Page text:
The Ghana Health Service (GHS) has indicated that the recent remark by the Director-General, Dr Anthony Nsiah-Asare, concerning a halt in automatic posting does not mean the Service will not employ professionals.
In a statement released on Thursday 27 June 2018, the Public Relations Unit of the GHS entreated the public not to “misinterpret ‘no more posting for health professionals’ as ‘no more employment for health professionals””.
The statement further noted that: “Posting is not employment. Automatic posting without interview to ensure filling of staffing gap at the levels is not efficient way to distribute health professionals”.
The release added that “the Director-General in his interview did not refer to only nurses, but all health professionals” will undergo interviews before being posted to the health facilities where their services are needed.
Below is the full statement:
Government will no longer post Nurses – Dr. Nsiah Asare
A circular with the heading above has been trending on social media without an author or source.
The circular has caused much sensationalism due to misinterpretation or misunderstanding.
Employment and Posting are not same.
‘Employment’ is the fact of someone being paid to work for a company or organization. In this case there is an agreement between the employer and employee. Whilst ‘posting’ is a position of duty, employment, or trust to which one is assigned or appointed. If you get a posting to a different town or country, your employer sends you to work there, usually for several years.
The Director-General in his interview did not refer to only nurses, but all health professionals.
Therefore the public should not misinterpret “no more posting for health professionals” as “no more employment for health professionals”.
As Ghanaians, most are aware of the staffing gaps in the various health facilities, districts and regions. This disenfranchises other taxpayers in terms of accessibility to healthcare services. If this continues, the goal to achieve a Universal Health Coverage can never be met. There are several instances financial clearance expires because some health professionals refuse posting, and their clearance comes with their names, hence irreplaceable.
This ‘interview at the Regional Health Directorates’ seeks to address the staffing gap at all levels and to reduce the rate at which health professionals refuse posting for financial clearance to expire. When this interview before posting extends to the district directorates in the future, it will also help to address staff accommodation issues.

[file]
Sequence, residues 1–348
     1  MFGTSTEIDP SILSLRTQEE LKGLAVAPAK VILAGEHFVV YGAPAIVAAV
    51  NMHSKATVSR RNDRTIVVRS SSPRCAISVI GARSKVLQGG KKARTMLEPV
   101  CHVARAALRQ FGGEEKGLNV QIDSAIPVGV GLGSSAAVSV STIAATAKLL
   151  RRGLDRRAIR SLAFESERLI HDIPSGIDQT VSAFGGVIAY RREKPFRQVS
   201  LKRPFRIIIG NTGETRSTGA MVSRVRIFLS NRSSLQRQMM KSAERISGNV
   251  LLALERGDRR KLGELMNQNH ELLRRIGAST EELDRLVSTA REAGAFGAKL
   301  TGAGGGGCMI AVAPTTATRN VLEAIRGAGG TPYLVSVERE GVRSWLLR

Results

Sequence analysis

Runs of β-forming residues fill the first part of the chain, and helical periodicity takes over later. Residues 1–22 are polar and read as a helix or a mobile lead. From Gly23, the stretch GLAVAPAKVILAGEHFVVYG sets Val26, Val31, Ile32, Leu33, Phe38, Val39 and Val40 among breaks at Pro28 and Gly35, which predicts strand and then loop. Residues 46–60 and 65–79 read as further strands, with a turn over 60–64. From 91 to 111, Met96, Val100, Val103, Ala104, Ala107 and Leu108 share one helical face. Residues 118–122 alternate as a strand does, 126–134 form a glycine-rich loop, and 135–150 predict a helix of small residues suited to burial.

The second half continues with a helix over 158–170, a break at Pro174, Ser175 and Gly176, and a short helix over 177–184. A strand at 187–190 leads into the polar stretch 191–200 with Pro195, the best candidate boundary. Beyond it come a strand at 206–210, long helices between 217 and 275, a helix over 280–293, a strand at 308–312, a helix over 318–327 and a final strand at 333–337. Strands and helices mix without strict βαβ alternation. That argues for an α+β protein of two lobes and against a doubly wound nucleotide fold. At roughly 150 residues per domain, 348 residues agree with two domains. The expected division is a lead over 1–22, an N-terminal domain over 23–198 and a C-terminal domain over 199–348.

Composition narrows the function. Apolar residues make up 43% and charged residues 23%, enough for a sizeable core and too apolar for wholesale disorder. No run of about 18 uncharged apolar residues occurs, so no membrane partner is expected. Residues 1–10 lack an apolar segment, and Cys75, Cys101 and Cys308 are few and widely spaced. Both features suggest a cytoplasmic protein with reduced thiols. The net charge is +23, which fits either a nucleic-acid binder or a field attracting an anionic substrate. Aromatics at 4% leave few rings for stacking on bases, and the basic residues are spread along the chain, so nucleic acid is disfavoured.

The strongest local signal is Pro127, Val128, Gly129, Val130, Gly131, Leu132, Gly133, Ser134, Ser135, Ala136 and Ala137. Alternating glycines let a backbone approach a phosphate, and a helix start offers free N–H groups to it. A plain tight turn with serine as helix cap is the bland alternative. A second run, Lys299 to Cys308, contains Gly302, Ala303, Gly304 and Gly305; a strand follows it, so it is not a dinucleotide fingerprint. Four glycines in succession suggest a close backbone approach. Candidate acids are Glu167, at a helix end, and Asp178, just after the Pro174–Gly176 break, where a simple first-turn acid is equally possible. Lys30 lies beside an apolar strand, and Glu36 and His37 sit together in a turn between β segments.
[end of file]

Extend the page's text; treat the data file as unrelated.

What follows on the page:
Let me state emphatically, this interview before posting or engagement is not the first time in the Country. The teaching hospitals, Komfo Anokye Teaching Hospital, Korle-Bu Teaching Hospital and the likes, and Volta Regional Health Directorate conduct interview for health professionals before posting or engagement. I strongly believe most private hospitals also do same.
So why the outcry now?
Are employees placed at the teaching hospitals different from their colleagues placed at Ghana Health Service?
The interview will be done at the various regions as a start and later at districts and faculties when the capacity is built.
It will gradually be like the way Nation Builders Corps (NABCO) is doing its engagement. NABCO has thought us good lessons. People applied for modules at district level and were interviewed at the district level where they are expected to work.
Posting is not employment. Automatic posting without interview to ensure filling of staffing gap at the levels is not efficient way to distribute health professionals. We need equity in the system to achieve the Universal Health Coverage and every Ghanaian should not be left out. Everyone needs quality healthcare irrespective of where you reside.
It is so perplexing everything in Ghana has become politics. We do not seek to find out the identified problem such policy seeks to address.
It is never right to have a quarter of qualified health staff in one region, while the others suffer low staff strength.
As much as authorities are doing its best to come out with incentives that will help attract and retain health professionals at the hard to reach areas, we cannot allow some taxpayers residing in hard to reach areas to suffer. They are also Ghanaians and some are voters. Hence they deserve to have access to healthcare services.
Government will continue to employ and those to be employed will go through a system, not by the Director-General or an officer sitting in Accra and posting people, but through interviews at the regional directorates.
The public should seek clarifications on such circulars from authentic and reliable sources within the ‘health policy implementing agency’, GHS to access accurate information.
Public Relations Unit
Ghana Health Service